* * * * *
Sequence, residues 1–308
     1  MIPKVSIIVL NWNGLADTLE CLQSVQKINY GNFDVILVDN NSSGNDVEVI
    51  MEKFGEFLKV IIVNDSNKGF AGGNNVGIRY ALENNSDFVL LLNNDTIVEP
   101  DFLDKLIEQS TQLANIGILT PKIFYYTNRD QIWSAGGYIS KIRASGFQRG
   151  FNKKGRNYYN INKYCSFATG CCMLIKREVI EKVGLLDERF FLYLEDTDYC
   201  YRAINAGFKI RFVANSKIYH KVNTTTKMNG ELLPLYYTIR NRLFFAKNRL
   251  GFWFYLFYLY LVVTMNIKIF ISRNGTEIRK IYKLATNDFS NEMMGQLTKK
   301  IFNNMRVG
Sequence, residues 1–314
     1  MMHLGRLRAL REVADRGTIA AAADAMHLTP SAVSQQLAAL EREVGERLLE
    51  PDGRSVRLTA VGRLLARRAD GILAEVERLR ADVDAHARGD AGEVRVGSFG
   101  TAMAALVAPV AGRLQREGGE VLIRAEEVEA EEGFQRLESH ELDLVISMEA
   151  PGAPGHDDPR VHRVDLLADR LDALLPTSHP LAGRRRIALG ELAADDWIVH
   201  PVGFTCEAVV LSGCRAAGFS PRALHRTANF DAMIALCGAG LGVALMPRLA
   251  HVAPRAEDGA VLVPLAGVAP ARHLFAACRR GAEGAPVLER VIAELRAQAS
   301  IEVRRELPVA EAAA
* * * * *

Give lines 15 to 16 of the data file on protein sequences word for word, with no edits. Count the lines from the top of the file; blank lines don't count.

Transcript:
   251  HVAPRAEDGA VLVPLAGVAP ARHLFAACRR GAEGAPVLER VIAELRAQAS
   301  IEVRRELPVA EAAA